Monday, January 22, 2018


It appears thathe shutdown will end soon:
In a dramatic turnaround, Senate Democrats voted to re-open the government on Monday after receiving a commitment from Republicans to hold a vote on immigration legislation — paving the way to end the three-day shutdown.

The Senate voted 81-18 to move forward on a bill to fund the government through Feb. 8 after Senate Majority Leader Mitch McConnell (R-Ky.) and Senate Minority Leader Chuck Schumer (D-N.Y.) agreed to end the shutdown and continue to negotiate on immigration and spending matters.
Why did Democrats yield? Didn't polls show that Republicans were being blamed for the shutdown?

Yes, but not always by significant margins:
A new POLITICO/Morning Consult poll, conducted Thursday and Friday also found more voters would blame Republicans in Congress for the government shutdown, 41 percent, than would blame Democrats, 36 percent.
A super PAC allied with Senate Democrats commissioned a poll in 12 battleground states in early December 2017, and it found that in more conservative states, blame for a shutdown would be split between Trump and Republicans and Democrats in Congress. But when interviewers asked respondents about a shutdown that might be tied to the legal status of dreamers, Democrats absorbed more blame.
To understand American politics, you have to absorb one simple lesson from Gallup's ideology poll. The specific numbers change, but the result essentially remains the same:

It's easy to think of Republicans as the conservative party and Democrats as the liberal party. But there are always significantly more self-identified conservatives in America than self-defined liberals. Sure, the gap is narrowing now. But in order for Democrats to be competitive, they need moderate voters more than Republicans do.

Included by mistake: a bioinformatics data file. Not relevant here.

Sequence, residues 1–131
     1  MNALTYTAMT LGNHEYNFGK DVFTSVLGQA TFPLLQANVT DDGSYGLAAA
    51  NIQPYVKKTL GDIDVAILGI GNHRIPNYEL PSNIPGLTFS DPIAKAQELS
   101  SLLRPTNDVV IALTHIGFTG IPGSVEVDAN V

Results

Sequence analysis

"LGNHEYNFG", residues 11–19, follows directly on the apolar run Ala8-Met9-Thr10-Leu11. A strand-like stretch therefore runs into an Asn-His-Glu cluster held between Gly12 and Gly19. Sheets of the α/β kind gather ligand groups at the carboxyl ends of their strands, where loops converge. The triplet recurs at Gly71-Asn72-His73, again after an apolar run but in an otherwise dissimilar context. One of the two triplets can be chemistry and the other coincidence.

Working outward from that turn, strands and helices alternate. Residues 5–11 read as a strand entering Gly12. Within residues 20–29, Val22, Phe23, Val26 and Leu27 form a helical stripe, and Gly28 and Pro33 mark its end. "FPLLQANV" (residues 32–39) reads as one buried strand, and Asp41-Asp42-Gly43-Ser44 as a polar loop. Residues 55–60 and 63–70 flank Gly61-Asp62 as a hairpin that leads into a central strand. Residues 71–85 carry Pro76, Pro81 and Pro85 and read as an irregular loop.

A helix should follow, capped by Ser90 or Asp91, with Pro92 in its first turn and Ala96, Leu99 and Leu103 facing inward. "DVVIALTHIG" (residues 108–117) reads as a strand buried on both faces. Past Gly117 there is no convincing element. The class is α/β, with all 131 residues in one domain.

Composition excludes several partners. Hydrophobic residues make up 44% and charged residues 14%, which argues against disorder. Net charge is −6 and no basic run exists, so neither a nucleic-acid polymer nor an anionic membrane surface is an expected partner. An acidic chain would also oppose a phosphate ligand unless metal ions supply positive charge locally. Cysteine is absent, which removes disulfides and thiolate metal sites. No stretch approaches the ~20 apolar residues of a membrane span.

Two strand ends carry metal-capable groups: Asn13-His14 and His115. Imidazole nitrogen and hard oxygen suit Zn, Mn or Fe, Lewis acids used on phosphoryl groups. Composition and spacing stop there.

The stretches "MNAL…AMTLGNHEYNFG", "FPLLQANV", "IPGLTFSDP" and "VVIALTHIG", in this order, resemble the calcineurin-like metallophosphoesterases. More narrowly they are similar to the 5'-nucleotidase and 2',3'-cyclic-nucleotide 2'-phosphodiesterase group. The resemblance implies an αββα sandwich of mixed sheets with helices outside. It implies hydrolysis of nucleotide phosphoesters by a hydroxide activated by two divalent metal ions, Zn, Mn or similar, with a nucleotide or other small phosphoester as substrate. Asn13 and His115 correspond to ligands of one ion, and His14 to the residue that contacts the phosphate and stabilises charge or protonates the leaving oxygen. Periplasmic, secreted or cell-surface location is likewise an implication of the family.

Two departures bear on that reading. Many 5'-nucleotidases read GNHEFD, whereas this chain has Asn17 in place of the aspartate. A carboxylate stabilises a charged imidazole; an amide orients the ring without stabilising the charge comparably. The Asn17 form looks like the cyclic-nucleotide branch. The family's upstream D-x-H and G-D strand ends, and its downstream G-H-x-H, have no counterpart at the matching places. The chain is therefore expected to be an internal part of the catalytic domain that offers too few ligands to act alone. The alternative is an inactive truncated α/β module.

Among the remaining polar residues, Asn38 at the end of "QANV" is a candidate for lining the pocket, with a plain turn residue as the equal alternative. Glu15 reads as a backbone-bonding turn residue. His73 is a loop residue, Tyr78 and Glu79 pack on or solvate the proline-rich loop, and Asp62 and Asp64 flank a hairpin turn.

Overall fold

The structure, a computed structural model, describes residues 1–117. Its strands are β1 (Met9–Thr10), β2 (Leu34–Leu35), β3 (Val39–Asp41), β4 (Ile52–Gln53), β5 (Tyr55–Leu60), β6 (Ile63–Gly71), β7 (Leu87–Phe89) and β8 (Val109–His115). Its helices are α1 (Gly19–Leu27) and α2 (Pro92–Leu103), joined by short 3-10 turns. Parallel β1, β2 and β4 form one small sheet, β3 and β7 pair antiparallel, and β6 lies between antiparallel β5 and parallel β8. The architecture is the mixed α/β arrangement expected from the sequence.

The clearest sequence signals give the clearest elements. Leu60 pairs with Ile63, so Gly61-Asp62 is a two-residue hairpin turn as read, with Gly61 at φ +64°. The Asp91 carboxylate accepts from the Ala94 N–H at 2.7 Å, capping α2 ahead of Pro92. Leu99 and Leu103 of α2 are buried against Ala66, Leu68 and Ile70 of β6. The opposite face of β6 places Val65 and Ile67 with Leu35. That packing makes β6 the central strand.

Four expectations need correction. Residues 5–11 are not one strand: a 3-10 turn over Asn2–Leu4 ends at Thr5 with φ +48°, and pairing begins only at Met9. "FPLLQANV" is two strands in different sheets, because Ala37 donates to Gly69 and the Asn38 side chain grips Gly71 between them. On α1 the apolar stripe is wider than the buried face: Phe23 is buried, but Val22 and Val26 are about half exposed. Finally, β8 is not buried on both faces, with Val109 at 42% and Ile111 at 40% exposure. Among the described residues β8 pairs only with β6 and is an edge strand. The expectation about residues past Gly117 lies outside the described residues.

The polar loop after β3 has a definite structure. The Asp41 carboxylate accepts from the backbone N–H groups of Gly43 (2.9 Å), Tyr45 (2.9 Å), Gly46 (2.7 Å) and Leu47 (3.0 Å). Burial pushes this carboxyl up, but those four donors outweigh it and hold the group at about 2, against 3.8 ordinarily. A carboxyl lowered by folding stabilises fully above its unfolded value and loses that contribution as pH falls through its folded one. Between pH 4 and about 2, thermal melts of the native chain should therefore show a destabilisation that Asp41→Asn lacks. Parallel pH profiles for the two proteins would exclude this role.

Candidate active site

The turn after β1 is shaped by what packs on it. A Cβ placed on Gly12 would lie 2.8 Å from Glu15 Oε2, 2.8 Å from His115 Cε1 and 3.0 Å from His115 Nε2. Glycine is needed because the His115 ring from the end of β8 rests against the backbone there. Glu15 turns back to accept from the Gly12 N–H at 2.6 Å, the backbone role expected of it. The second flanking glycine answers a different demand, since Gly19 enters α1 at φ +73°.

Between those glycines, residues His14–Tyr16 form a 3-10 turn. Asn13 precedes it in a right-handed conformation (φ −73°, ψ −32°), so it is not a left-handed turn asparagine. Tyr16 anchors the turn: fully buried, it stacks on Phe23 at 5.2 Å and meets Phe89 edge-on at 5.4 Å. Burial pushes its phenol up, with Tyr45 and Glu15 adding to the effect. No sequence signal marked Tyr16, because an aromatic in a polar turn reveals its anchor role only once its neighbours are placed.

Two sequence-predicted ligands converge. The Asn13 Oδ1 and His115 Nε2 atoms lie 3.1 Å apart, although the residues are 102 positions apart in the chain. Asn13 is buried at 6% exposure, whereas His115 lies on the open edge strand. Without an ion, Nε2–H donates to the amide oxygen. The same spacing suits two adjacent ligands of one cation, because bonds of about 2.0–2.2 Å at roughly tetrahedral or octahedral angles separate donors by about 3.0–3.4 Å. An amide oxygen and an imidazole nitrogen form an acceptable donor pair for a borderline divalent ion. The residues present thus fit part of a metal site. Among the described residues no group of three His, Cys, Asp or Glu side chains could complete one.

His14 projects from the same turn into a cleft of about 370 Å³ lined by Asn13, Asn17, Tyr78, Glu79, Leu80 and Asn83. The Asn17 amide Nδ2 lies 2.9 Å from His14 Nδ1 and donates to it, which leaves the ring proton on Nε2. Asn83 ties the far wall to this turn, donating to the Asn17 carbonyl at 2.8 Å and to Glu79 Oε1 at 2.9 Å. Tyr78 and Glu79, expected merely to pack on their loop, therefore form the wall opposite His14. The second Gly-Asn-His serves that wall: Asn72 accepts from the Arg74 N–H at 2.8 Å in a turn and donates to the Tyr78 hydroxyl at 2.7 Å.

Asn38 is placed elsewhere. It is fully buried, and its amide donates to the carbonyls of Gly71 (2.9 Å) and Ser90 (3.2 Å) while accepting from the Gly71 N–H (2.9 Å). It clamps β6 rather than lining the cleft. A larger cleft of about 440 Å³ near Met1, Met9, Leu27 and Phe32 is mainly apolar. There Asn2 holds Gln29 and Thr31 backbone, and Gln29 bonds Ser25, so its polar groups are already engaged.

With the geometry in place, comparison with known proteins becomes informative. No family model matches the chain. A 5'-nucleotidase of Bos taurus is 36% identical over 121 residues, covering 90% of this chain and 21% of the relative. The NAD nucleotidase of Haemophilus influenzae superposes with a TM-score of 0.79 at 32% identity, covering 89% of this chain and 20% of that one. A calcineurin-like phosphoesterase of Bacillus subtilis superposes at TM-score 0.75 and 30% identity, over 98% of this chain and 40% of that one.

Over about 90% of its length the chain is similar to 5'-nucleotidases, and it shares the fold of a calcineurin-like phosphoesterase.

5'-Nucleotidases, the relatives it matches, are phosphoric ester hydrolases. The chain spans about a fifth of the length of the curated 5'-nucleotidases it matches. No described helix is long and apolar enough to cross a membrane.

Some see strategy in what the Democrats are doing today:

I'm not sure I understand how this is a trap for McConnell. In the polls, the same people who are saying now that it's wrong to shut down the government on behalf of undocumented immigrants will be saying it in three weeks. The Republicans will proclaim once again that it's unconscionable not to fund the military. And so on.

On the other hand, the failure to get a DACA deal will mean mass deportations of young people who know no other country but America. Democrats are hoping that will matter to the rest of the country. I'm skeptical. This is an issue that's like universal background checks for gun sales: The liberal/Democratic position has overwhelming public support, but the people who are passionate one-issue voters are overwhelmingly on the other side.

If Republicans prevailed in this shutdown, it's because America, however anti-Trump it is, still isn't truly liberal. We'll see how much sympathy the Dreamers elicit three weeks from now. I don't think it will be enough, but I hope I'm pleasantly surprised.

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